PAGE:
To www or not to www – Which is Best?

When it comes to domain names www, short for world wide web, has been around for some considerable time – as I’m sure you’re aware (who isn’t)

However, you might have noticed – if you’ve been paying attention that is – that there are now a considerable number of domain names that do not start that way, although there are still plenty that do. If so, then you may be wondering what the difference between the two is and you wouldn’t be alone, as many people don’t know.

www a plotted history what is the difference

www – a potted history

For those who aren’t web historians, it may be worth taking you back a little with a short potted history of www. 

The World Wide Web came into existence in 1989 and it was invented by British Scientist Sir Tim Berners-Lee whilst he was working at CERN. It wasn’t, however until 1991, that the first web server came online. 

In those early days, all websites used www as a prefix to their domain names. Many people don’t realise but the prefix was never actually a mandatory requirement for a website address, but everyone used it. 

Over time, people realised it wasn’t necessary and so many companies simply chose to stop using it.

So, which is best?

In answer to the question, which is best? the simple answer is that they are both really the same. The choice of which one you might choose for your website is entirely down to personal preference. 

That’s right, there really is very little difference – who knew?!

But.

What you really should be looking at is consistency on your website. 

Ultimately this is what will affect your SEO, so you need to look at whether you have been adding – or removing – www from the URL of your site. Chances are, if you’ve had several people working on your site, you could have links that point to both www and non www pages.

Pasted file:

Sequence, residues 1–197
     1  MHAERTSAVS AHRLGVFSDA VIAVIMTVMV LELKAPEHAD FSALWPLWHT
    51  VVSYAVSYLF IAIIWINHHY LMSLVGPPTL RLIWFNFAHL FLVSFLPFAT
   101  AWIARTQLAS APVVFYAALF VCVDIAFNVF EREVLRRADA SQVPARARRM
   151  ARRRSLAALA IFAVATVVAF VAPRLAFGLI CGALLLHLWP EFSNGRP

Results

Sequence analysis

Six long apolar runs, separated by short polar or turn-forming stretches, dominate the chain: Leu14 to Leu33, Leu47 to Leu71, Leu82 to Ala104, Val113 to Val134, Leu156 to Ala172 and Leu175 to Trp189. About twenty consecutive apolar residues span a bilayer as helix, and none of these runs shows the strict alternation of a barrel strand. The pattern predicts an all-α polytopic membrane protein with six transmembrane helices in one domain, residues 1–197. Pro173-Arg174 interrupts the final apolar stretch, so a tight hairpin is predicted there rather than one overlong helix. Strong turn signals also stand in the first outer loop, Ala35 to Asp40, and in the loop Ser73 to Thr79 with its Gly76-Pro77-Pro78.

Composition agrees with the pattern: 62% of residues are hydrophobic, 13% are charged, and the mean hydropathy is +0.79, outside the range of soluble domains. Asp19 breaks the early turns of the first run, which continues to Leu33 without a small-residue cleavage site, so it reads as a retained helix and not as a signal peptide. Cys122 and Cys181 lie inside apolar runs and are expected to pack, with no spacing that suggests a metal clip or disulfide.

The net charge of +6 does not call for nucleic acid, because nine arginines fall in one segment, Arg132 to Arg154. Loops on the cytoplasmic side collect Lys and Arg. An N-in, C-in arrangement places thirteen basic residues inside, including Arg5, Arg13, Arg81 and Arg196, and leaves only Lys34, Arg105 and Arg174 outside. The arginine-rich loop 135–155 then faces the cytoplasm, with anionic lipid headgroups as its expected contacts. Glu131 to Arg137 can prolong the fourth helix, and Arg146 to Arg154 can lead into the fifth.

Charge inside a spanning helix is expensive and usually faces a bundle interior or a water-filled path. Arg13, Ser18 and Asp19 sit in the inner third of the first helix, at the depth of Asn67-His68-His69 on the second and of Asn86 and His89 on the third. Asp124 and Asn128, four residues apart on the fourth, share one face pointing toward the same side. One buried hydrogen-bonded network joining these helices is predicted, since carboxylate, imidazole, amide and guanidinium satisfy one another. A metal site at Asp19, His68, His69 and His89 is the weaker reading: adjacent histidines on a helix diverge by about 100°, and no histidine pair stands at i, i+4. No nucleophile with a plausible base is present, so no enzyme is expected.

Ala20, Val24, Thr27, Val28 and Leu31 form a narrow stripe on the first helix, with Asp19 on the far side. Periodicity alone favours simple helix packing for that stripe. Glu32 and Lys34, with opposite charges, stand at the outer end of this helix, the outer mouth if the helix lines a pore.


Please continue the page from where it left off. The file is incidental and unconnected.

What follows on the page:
There is a very small speed benefit from using non-www (but its barely measurable) so I wouldn’t recommend changing if you are currently using the www version. If setting up a new site, maybe going with the non www version would be best,  but, let’s be frank, we are only talking fractions of a second here.

What is the difference?

Apart from the obvious difference, the lack of www at the beginning of a website URL, there really is only one difference between the two options and that is a technical one. If you choose to add www to your website name then it is your hostname that modifies to DNS and it is also your hostname which restricts the use of cookies whilst making use of other domains.

Choose one

In order to reap the benefits of this one very small item, you should decide if you want to stick with www or if you think it is time to say goodbye to those three small letters. 

However, if you have already got a setup that is working for you, one that is already out there on some of the more well-known search engines then it isn’t actually a good idea to change the URL that your site uses

What is important is to select the one you want and redirect the other. (see my guide on how to do so).

This is still one of the biggest issues I find when auditing websites.

If you don’t do this, then the search engines will treat both forms of your website address, the one with www and the one without, as separate entries and you could end up in a whole heap of trouble in the form of a ban as a result of having double content, double keywords and of course double pages.

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